By James Shea
How will you cope, I provocatively asked my student teachers, if a student says, ‘Miss, I was looking up chunking on Youtube and I prefer this method to long division.’
How will you cope if in your history lesson a student says, ‘This topic is elitist. It is focused on the ruling class according to friends in my Facebook feed.’
Even worse, what if a student pulls out a phablet and says, ‘I want to use an app on this to help me with my work.’
The e-lephant in the room is the technological more knowledgeable other. The concept of ‘curriculum’ is being challenged. You might, as a P.E. teacher, be teaching running and the students could know more about professional running programmes, training and data management than you just from their Strava and Veloviewer accounts. Their what? Exactly. Students are learning amazing amounts, to challenging depths and in a variety of exciting ways through technology. And how are you coping with this?
Are you a ‘Ban It All’ type person? No ‘bring your own technology’ allowed? No running sprints on the athletic track with your Runkeeper pushing times to your wearable technology watch. No access to internet or secondary knowledge banks whilst in school. No access full stop, for teachers or students to online learning portals like, yes even Youtube!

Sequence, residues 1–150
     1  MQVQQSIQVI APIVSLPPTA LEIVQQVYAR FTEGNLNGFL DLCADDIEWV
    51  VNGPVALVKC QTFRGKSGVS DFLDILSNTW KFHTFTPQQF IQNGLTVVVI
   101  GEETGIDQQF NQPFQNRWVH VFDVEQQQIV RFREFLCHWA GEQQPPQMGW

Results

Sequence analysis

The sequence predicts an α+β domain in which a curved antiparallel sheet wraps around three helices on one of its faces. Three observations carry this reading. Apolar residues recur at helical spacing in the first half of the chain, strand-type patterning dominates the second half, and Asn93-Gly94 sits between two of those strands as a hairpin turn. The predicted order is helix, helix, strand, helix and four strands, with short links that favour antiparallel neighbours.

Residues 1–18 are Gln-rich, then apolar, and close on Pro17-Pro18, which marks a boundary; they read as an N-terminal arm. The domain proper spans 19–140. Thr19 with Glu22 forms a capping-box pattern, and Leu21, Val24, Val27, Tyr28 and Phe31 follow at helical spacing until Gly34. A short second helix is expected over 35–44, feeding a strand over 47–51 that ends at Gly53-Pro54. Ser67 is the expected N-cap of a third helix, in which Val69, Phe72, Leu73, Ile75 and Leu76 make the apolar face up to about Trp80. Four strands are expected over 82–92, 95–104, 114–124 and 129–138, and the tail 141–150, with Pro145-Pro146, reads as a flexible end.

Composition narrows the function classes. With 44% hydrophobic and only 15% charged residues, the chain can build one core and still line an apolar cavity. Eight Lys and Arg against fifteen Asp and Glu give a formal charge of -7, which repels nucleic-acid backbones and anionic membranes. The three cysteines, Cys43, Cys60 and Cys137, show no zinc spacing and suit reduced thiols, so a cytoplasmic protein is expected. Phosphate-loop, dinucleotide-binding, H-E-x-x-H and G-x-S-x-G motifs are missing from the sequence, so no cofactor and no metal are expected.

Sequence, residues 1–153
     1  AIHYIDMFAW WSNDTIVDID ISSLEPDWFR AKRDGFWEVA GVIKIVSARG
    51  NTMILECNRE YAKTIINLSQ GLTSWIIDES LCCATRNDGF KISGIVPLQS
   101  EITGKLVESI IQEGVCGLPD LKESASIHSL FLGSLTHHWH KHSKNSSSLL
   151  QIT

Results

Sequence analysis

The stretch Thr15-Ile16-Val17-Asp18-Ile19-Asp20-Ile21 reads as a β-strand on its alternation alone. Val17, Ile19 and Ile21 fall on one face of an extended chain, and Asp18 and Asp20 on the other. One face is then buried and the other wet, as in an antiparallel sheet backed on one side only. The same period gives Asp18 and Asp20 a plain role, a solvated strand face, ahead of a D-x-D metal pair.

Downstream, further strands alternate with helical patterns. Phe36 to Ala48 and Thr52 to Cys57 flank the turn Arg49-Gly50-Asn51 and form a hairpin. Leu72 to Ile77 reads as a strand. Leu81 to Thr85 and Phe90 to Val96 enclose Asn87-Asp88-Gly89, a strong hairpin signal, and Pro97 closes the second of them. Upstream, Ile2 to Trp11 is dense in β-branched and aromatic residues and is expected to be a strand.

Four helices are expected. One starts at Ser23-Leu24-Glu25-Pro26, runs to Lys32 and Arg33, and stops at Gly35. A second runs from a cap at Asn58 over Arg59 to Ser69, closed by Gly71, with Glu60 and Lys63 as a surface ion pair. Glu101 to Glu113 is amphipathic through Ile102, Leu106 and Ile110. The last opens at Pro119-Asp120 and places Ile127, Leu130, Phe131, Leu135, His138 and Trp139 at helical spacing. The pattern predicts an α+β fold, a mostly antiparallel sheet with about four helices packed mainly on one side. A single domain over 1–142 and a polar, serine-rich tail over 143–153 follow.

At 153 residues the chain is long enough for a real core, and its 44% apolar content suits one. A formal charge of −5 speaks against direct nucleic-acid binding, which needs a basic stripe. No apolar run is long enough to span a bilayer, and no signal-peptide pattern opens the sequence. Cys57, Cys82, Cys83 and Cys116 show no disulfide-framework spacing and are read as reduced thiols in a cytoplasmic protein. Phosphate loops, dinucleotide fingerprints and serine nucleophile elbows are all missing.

Or are you an, ‘I ignore it all’ type person? You are aware that students operate in communities of practice, are sharing ideas and learning and generally are accessing a whole range of secondary learning, but you haven’t a clue nor a willingness to learn. Is it all passing you by in a weary blur?
Or are you embracing the extra learning being generated by students harnessing the technological more knowledgeable other through their smartphones, online communities and apps?
Believe it or not, you don’t need to be on Facebook or use Whatsapp groups in order to deal with these questions. What you do need to know is that students are using the latest technology to tap into more knowledgeable others: whether that more knowledgeable other is an app, a website or a learning community. Once you realise this you can encourage your students to better evaluate the learning they are getting from this technological more knowledgeable other. You can flip the classroom and get students inspired to use their technology to enhance your lessons, not hinder them.
Don’t let the e-lephant in the room hold your students’ learning back…
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